October 8, 2015
Two things prompted multiple sclerosis warrior J. Swarnalatha to bring out a calendar featuring people with special needs — “I wanted the world to look at us as individuals with abilities and see beyond our physical ailments. And, I want them to give a thought to the infrastructure-related problems we face.”
That is what makes “I’m Special”, which releases on Friday, very special. The calendar has been created by Swarga Foundation, started by Swarna and her husband T.S. Guruprasad in 2014. It works to provide support for those with neurological disorders. They also organize cyclothons and workshops for making candles, fashion jewellery and puppets.
Proceeds from the sale of the calendar will go towards funding the purchase of a disabled-friendly van fitted with everything that will make a ride outside comfortable.
“There are so many impediments to us travelling that many just withdraw from society and lead secluded, depressed lives. Most of us have urinary incontinence. But, where are the disabled-friendly toilets? We have to monitor our fluid intake if we have to go out.
Many just give up. The vehicle we are looking at will have a chemical toilet, a ramp for the wheelchair, a stretcher… It will allow people to have an active social life. It will allow them to travel in relative comfort.”
The calendar has been created in association with That Moment Photography. People with special needs have been portrayed as achievers and goal setters. Among those featured are: wheelchair lawn tennis champion Anand Selvaraj, visually-impaired motivational speaker Sabari Venkat, special Olympics cyclist Nishant Sriram from Amaze Charitable Trust, Swarnalatha, and two children from Amrit School For Special Needs.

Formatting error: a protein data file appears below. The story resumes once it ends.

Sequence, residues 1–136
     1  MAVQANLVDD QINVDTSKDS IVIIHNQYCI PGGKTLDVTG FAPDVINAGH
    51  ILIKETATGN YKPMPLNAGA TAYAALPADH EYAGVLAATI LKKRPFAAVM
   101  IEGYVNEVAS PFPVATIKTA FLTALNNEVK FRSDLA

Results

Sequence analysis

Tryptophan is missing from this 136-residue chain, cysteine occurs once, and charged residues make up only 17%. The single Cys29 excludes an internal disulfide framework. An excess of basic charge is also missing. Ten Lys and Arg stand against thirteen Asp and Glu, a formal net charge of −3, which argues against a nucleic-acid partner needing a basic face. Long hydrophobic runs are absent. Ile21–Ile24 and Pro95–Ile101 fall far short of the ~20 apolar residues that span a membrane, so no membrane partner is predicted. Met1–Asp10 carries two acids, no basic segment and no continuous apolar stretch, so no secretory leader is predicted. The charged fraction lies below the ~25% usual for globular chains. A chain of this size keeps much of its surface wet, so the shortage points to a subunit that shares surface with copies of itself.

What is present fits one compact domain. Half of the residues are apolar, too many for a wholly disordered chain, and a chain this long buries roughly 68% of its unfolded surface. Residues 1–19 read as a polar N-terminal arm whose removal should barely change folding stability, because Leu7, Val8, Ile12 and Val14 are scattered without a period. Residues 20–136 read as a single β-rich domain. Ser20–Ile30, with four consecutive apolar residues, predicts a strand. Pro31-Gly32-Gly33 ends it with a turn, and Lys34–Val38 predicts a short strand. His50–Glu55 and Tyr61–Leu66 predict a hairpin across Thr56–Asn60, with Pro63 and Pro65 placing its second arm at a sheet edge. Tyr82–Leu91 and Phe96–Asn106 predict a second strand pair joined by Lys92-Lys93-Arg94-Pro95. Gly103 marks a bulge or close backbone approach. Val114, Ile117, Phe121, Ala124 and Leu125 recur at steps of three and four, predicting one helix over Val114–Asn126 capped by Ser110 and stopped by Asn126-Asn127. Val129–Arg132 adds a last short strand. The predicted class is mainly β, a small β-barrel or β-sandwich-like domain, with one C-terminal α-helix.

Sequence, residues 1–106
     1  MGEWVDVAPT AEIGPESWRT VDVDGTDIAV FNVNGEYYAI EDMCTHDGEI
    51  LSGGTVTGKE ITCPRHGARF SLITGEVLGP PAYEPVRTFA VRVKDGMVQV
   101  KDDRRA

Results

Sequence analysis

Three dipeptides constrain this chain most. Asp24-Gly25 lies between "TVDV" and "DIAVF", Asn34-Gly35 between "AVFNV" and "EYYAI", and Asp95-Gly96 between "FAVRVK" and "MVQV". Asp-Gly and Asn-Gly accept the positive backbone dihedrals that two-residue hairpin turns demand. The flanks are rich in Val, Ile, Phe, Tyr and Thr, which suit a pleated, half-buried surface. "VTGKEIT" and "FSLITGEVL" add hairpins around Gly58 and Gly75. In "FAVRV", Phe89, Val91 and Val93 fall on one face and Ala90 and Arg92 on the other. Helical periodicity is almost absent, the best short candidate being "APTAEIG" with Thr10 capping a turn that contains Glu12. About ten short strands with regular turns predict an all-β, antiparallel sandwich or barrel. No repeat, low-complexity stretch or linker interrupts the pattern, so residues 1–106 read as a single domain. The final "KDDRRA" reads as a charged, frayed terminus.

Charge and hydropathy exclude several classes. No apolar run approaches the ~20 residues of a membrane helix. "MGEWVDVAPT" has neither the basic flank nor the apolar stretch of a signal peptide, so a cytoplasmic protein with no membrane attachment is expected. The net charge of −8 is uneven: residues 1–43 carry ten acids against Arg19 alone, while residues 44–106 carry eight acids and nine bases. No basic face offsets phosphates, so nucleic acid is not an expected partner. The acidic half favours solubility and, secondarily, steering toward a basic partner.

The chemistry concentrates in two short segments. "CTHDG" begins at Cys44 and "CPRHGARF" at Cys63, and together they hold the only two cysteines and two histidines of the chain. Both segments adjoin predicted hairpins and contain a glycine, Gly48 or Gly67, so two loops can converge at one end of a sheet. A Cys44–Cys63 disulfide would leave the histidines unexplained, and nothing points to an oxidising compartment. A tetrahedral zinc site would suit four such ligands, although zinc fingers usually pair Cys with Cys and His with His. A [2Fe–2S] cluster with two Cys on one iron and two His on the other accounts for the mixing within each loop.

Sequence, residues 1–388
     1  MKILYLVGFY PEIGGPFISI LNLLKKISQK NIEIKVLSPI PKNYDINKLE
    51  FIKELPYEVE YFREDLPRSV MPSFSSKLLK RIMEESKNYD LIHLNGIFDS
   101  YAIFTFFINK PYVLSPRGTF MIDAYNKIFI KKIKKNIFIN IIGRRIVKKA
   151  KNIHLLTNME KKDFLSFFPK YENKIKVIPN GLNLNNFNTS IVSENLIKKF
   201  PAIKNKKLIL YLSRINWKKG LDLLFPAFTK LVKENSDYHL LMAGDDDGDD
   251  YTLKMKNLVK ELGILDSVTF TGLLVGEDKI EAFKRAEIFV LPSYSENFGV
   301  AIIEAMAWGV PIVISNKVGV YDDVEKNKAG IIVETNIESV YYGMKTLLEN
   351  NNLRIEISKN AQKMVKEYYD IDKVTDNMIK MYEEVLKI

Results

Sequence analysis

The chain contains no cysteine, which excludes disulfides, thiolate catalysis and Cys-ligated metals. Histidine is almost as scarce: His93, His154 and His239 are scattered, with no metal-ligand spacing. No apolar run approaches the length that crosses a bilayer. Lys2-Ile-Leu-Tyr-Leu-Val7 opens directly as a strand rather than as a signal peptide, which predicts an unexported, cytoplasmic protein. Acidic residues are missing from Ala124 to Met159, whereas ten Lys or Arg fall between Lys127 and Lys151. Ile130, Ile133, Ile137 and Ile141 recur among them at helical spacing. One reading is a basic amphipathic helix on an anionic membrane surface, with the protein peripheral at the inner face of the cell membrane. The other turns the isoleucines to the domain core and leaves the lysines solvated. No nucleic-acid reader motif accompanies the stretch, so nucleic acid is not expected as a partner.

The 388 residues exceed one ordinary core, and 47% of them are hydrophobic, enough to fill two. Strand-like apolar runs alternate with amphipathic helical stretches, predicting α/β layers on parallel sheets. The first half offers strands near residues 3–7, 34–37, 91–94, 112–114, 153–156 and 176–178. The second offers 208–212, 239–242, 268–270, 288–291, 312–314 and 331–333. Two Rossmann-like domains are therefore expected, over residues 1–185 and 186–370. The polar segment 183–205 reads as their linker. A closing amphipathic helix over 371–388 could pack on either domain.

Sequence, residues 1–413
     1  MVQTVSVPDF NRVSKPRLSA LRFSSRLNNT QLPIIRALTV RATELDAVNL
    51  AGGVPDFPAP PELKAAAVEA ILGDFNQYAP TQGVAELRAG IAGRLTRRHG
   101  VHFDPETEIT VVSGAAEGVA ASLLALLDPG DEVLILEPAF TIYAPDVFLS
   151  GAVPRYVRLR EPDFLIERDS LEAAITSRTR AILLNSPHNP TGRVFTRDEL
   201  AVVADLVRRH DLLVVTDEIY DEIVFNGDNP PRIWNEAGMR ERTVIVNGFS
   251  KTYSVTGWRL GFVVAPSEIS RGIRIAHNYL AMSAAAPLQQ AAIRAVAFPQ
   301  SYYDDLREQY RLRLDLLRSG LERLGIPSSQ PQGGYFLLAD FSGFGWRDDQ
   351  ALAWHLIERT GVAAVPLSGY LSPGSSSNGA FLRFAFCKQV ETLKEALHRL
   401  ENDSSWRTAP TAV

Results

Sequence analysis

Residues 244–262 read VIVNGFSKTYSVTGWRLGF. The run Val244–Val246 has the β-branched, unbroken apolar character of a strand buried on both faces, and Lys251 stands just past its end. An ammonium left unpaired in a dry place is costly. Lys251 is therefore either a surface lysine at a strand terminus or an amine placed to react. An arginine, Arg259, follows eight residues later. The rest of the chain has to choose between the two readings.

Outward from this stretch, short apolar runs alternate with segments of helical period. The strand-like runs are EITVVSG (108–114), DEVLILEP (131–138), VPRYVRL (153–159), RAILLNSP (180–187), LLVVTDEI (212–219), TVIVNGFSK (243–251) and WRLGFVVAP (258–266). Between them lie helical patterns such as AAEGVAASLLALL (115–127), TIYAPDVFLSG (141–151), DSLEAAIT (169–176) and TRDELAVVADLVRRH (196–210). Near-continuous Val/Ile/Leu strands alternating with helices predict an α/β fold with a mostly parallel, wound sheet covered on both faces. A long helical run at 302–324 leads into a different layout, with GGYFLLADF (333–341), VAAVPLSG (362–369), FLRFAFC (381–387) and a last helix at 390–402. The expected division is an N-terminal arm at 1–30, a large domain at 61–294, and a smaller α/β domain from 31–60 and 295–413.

The calendar will be released on October 9 at GKNM Hospital. The event will feature a performance by people with special needs and a short video on those featured in the calendar will also be screened. The calendars are priced at Rs. 300 each. For details, call: 96001-52849.
What Swarga Does
Once someone is diagnosed with neurological disease, they rarely go back to the doctor — treatment costs are prohibitive. “What we do is counsel them on lifestyle changes and help them cope better. Neurological diseases are usually incurable, but we can still manage the disease and live a quality life. That’s what I want to tell people,” says Swarna, who moves around with the aid of a rollator.